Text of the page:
Tuesday, May 21, 2013
By Latin Times Staff Writer, Jan 03, 2013 01:58 PM EST
(PHOTO CREDIT: Reuters) Appearing on CNN, the lawyer said his job is "to stop this happening again."
As the city of Newtown, Conn. attempts to return to normalcy in the wake the school shooting at Sandy Hook Elementary three weeks ago, one local lawyer is trying to bring a $100 million class action lawsuit against the state of Connecticut.
Irving Pinsky, the New Haven, Conn. based attorney behind the lawsuit, filed a claim against state of Connecticut's Board of Education, Department of Education and Education Commissioner, recently withdrew the lawsuit, and says he is currently still investigating evidence for a future claim and seeking to sue to state to prevent future school shootings.
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Appearing on CNN, Pinsky said his job is "to stop this happening again."
"It hurts me, but I know it's coming," Pinsky said, referring to the likelihood of a similar attack on a school in the future.
The morning of Dec. 14, 20-year-old Adam Lanza reportedly shot his mother Nancy four times as she lay in bed, packed at least three of her guns, and then drove her car to the Connecticut K-4 elementary school, opening fire in two classrooms around 9:30 a.m., fatally shooting 20 children and six adults, police said. Police are still searching for a motive; witnesses said the shooter didn't utter a word. The attack was the second-deadliest shooting ever by a single gunman in U.S. history.
Hired by the family of an unidentified six-year-old girl who survived Lanza's rampage, Pinsky said the horrific event was foreseeable and officials failed to prevent it.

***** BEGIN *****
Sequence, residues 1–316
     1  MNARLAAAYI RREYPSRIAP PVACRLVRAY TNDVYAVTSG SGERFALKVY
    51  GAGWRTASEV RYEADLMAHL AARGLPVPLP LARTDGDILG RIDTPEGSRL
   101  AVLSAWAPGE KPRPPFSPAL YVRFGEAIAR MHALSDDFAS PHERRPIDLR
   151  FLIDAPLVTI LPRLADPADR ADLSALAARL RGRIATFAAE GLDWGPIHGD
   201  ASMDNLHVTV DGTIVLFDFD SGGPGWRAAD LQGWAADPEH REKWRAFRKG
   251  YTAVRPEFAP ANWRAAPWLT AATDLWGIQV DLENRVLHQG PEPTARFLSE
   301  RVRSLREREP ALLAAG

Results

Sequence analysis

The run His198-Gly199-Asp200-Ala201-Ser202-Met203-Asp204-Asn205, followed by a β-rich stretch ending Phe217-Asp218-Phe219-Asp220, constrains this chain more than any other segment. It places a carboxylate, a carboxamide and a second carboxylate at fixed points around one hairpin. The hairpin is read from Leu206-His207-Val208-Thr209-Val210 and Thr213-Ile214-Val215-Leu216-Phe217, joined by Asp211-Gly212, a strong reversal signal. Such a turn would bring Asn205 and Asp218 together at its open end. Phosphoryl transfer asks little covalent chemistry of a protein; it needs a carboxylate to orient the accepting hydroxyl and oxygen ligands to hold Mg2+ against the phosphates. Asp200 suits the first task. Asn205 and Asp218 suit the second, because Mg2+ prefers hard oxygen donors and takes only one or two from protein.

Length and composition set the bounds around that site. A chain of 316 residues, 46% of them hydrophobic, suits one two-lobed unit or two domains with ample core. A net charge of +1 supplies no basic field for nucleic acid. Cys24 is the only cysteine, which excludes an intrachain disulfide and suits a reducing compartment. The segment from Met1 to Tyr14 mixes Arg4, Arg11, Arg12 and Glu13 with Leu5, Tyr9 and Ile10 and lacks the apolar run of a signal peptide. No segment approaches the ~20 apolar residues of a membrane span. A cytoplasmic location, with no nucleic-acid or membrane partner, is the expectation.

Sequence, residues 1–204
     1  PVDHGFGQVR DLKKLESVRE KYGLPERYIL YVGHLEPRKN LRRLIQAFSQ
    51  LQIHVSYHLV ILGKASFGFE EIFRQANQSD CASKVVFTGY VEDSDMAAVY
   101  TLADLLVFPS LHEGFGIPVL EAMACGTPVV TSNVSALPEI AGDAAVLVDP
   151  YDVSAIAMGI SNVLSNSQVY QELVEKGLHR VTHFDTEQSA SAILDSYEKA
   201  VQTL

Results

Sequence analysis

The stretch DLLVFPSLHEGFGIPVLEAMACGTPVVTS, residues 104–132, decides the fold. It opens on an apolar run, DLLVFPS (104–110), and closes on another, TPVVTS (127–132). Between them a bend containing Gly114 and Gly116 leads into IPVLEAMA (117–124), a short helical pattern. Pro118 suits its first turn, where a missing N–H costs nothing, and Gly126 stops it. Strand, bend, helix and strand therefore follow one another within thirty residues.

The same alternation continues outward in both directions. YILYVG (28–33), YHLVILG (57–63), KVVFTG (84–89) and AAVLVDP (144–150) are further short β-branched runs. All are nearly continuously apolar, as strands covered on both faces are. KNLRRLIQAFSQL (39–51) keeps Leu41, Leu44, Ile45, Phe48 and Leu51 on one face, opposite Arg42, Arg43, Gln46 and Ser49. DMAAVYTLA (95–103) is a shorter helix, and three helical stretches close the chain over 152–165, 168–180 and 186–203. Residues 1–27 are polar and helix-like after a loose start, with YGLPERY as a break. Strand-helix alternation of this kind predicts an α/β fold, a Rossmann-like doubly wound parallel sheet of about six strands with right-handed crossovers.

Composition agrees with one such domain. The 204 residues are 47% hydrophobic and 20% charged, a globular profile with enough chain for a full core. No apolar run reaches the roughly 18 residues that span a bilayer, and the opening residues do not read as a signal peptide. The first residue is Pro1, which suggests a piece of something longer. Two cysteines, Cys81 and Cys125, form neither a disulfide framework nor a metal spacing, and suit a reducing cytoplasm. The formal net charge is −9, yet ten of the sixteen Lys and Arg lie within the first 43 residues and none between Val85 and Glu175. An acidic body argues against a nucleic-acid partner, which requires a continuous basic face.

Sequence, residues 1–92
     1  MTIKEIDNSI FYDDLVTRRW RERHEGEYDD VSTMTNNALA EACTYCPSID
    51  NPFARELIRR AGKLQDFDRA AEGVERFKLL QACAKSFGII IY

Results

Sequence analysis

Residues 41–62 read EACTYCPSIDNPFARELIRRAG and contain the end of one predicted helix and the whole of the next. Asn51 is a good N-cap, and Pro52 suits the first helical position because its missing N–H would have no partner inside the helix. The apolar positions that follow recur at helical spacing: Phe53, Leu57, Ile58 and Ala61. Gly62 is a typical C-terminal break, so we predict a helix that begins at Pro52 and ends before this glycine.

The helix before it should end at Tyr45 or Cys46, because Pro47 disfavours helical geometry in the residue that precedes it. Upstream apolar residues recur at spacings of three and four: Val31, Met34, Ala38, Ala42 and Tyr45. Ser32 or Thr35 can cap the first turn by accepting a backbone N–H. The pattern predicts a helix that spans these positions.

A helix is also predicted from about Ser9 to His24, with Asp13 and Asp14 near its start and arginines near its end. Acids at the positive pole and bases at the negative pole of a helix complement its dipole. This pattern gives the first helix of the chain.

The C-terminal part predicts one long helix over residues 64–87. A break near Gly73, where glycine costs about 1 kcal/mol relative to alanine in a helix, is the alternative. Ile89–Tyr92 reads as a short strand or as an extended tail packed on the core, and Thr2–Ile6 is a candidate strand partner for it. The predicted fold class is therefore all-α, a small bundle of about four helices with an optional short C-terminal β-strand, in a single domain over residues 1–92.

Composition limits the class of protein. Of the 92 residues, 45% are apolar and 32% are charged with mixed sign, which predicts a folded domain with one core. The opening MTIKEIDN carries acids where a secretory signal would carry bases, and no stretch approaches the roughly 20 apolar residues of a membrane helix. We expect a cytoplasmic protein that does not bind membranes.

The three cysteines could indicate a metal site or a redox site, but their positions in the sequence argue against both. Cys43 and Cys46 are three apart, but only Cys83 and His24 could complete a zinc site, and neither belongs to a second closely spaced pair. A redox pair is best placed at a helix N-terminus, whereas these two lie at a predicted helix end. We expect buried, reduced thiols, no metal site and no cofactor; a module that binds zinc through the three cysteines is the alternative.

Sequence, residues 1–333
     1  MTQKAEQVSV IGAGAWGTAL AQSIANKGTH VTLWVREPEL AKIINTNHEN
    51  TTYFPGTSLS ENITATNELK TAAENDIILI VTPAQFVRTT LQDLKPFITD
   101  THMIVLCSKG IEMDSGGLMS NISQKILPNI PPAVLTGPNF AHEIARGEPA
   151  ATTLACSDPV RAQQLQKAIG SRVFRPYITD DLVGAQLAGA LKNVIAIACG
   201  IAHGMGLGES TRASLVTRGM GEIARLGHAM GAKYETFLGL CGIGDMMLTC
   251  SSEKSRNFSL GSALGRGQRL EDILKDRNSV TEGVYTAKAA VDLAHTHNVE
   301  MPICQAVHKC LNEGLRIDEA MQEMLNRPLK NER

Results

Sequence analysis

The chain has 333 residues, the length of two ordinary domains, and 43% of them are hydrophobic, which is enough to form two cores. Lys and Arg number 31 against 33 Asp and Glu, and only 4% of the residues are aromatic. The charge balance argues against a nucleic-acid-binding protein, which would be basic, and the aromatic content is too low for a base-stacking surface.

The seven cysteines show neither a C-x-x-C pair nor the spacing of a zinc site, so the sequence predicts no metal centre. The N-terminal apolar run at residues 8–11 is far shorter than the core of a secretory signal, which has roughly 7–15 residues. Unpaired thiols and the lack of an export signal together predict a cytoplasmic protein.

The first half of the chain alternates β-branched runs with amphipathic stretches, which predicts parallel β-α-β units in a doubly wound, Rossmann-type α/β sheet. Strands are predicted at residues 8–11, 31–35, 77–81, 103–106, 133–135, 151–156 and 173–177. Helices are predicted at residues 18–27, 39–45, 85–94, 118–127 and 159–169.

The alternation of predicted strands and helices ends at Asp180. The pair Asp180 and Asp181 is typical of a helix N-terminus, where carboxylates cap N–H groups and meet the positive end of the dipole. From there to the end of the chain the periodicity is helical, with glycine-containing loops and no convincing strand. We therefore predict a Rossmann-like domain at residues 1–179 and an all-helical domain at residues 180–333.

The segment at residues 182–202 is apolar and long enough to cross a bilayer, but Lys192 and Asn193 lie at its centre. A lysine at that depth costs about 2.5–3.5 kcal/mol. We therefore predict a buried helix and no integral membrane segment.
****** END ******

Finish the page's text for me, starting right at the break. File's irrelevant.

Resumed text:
"It had to be assumed that this was going to happen somewhere, sometime," Pinsky said.
As reporters reminded Pinsky that Sandy Hook Principal Dawn Hochsprung had increased security recently, which appears to be the reason why Lanza had to force his way into the school by shooting his way through the main doors, Pinksy claimed the windows in the entrance were supposed to be bullet-proof glass.
Pinsky had filed the lawsuit last week seeking permission to sue the State of Connecticut Board of Education, Department of Education and Education Commissioner, claiming lapses in those groups allowed the attack to occur.
Pinsky dropped his claim on Monday, but said on CNN he has a year to re-file it. He also said that he is seeking to go after more than just the state of Connecticut without elaborating.
The survivor, referred to as Jill Doe, "has sustained emotional and psychological trauma and injury, the nature and extent of which are yet to be determined," the claim said.
According to Pinsky, backlash played a role in withdrawing his claim; the lawyer said he had received death threats after filing the claim.
When asked why he wasn't going after the NRA as well, Pinsky replied, "When you say something about the NRA you get double bonus death threats."
According to police, the three guns used in the shooting were legally purchased and registered to his mother. Lanza reportedly primarily used a military-style Bushmaster .223 assault rifle during the shootings.
There were 15 mass shootings in the U.S. in 2012 alone, according to the Huffington Post.
Adam Lanza's DNA is currently being studied by geneticists, a spokeswoman for the University of Connecticut Health Center said last week, according to CNN. State medical examiner's office spokeswoman Carolyn Pennington said there is no specific genetic marker the team is looking for, and lab results and a complete analysis of the DNA "are not expected for several weeks ... probably the end of January."